Metascore
69

Generally favorable reviews - based on 32 Critic Reviews

Critic score distribution:
  1. Positive: 23 out of 32
  2. Negative: 1 out of 32
Buy On
  1. 91
    Though it never quite comes through crystal-clear, the intensity and sincerity of the underlying emotion manages to bleed through a confusing swirl of altered sounds.
  2. Jun 20, 2014
    90
    It moves Krell closer to the mainstream without sacrificing the emotional complexity of his music, proving that Krell is a musical force not to be underestimated.
  3. Jun 23, 2014
    88
    The title of this album is a challenge as well, as How to Dress Well’s modern masterpiece is conducted with the most eternal transparency--Krell asks “what is this heart” and lets you look right into his own.
  4. Jun 24, 2014
    85
    With What Is This Heart? Tom Krell has managed to indulge his experimental tendencies while at the same time achieve his most accessible sound to date.
  5. Q Magazine
    Jul 2, 2014
    80
    It's an album constructed from the simplest of elements: muted keyboards chords, pained falsetto vocals and Krell's greatest weapon of all: near silence. [Aug 2014, p.108]
  6. Jun 26, 2014
    80
    Despite the mainstream references, the album is a much more emotionally wrenching experience than anything on the actual pop charts.
  7. Jun 25, 2014
    80
    Krell's still part of a pop vanguard, but his music is more than ever a welcoming gesture.
  8. Jun 24, 2014
    80
    Krell’s most complete album to date: not because it exactly answers the question of where his position is in relation to pop--nor the question of the title, nor any questions at all--but because it perfectly captures that oscillation that has always been at the centre of his work.
  9. Jun 19, 2014
    80
    Though his voice can sound a little insipid, songs such as A Power, Face Again and What You Wanted possess satisfying bass rumbles and earworm hooks.
  10. Jun 19, 2014
    80
    Krell's tactile electronic textures remain, of course--as beguiling and poignant as ever--but a wider instrumental palette has been brought into the fold, resulting in his most ambitious and addictive album to date.
  11. Jun 19, 2014
    80
    The music itself is bolder, yes, but still operating on the same cloudy register, stamping above experimentation into the domain of an artist who is more determined than ever.
  12. Jun 19, 2014
    80
    A collision between complex, elegant songwriting and soppy bedroom angst, it's not the most coherent collection of songs, but that disorder works, ending up as a function of Krell's ultimately fascinating sense of experimentation.
  13. Aug 21, 2014
    78
    It's a smörgåsbord of carefully culled influence, one that Krell indulges in with gusto.
  14. 75
    Krell steps out of the shadows on his third album, but of course he hasn’t let go of the sadness that’s colored the project to date.
  15. 70
    The songs allow drama instead of losing themselves in repetition and reverie. The music is closer to pop, but it’s still within Mr. Krell’s interior world.
  16. Jul 7, 2014
    70
    All that said, there’s a lot to love still, and if you carefully trim around the dross, you’re left with a stunning product and some phantasmagorical slivers of sonic mastery.
  17. Jun 25, 2014
    70
    As intellectual and introverted as Krell often is, he’s at his best when he and the music simply let go. What Is This Heart? delivers in the second half when nearly every song peaks with exuberant finales.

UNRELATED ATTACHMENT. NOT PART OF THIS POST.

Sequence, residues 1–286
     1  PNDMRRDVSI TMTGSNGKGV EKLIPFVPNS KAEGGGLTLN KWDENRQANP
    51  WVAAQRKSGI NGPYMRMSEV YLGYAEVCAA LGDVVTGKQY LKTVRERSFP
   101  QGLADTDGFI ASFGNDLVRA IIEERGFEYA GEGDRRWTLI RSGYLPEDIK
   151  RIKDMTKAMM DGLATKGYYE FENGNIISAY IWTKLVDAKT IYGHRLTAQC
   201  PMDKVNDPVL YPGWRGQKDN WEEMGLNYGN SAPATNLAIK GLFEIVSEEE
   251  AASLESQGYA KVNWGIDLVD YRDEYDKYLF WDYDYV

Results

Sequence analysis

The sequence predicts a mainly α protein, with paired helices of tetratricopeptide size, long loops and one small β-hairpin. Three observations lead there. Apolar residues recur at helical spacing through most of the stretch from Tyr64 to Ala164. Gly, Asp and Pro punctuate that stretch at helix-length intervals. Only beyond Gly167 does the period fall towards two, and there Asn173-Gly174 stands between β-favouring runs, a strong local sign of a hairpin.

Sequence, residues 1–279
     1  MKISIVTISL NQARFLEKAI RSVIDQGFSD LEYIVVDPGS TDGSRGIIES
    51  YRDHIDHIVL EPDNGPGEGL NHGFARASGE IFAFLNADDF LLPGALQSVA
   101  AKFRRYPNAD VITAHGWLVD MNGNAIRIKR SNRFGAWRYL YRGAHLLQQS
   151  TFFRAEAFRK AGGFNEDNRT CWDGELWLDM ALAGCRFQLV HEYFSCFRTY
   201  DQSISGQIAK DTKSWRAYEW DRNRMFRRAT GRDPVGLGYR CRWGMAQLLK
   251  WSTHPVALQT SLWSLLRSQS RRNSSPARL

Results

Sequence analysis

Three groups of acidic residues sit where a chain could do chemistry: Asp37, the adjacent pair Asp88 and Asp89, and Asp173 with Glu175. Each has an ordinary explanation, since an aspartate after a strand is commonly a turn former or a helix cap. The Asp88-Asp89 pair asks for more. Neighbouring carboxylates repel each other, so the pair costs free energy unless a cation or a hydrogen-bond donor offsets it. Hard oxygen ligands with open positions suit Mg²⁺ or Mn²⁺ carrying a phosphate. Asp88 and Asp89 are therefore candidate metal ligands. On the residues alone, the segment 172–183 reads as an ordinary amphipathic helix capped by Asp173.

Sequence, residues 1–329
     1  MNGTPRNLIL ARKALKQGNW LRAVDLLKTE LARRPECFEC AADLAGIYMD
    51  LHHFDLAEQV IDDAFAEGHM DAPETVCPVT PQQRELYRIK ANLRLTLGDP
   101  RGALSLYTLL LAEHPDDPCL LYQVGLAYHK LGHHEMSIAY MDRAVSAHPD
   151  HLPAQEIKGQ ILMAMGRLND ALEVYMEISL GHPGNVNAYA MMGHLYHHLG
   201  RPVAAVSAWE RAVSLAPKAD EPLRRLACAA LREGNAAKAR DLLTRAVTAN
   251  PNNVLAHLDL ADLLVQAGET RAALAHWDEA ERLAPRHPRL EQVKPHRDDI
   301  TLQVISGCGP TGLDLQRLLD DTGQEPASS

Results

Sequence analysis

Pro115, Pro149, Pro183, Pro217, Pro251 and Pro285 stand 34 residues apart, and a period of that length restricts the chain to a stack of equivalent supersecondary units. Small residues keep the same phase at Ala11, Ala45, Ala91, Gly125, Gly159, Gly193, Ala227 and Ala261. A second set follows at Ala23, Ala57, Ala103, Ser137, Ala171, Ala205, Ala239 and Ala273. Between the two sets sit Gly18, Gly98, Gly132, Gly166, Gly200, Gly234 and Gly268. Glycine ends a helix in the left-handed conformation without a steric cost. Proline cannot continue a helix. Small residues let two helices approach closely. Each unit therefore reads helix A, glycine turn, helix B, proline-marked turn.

18. Jun 24, 2014
    70
    An immersive album that feels designed to be taken as a whole, What Is This Heart? reveals How to Dress Well coming into its own.
  19. Jun 23, 2014
    70
    Krell’s fragile innocence and tenderness remains as touching as ever, though, with a string of grand, sweeping numbers occupying the album’s heart that underline his power to galvanise the deepest depths of the soul.
  20. Jun 19, 2014
    70
    There’s no staggering departure from Total Loss, but the backdrop for his soulful R&B crooning is becoming worn-out, and you can feel Krell auditioning replacements.
  21. 70
    Krell’s voice could never get tiresome, but the album seems unclear as to what it wants to be--too restless for heartbreak, too downbeat for the dancefloor, like a candle that’s trying to illuminate a club.
  22. Jun 30, 2014
    65
    At its heart it is an album at odds with itself as much as it is with its audience, too weird to gain mainstream popularity, but too pop to be truly revered by existing fans.
  23. Jun 24, 2014
    62
    The result is one of optimistic discontent. Krell’s heart may be perpetually drug through the dirt, but nothing is going to stop him from looking up.
  24. Mojo
    Jul 24, 2014
    60
    Krell sounds like ha has taken a step back, seemingly trading his experimentalism for a more traditional blue-eyed soul route. [Jul 2014, p.91]
  25. Jun 24, 2014
    60
    Krell's third LP continues to elevate his R&B-inflected music into sonic clarity, though his emotions remain muddled as ever.
  26. Jun 23, 2014
    60
    While there are a few great moments here (Words I Don't Remember, Pour Cyril), some judicious pruning of the 55-minute running time wouldn't have gone amiss.
  27. Jun 24, 2014
    58
    On the disjointed What Is This Heart? the disconnect between Krell’s pop leanings and his innate miserableness has never been greater.
  28. Jul 2, 2014
    50
    It feels lush, it pleases and occasionally stirs, but there’s a cold distance between voice and instrument throughout, a distinction that barely existed on previous releases.
  29. Jun 24, 2014
    50
    What Is This Heart? often feels uncomfortably intimate, which cuts both ways..
  30. 50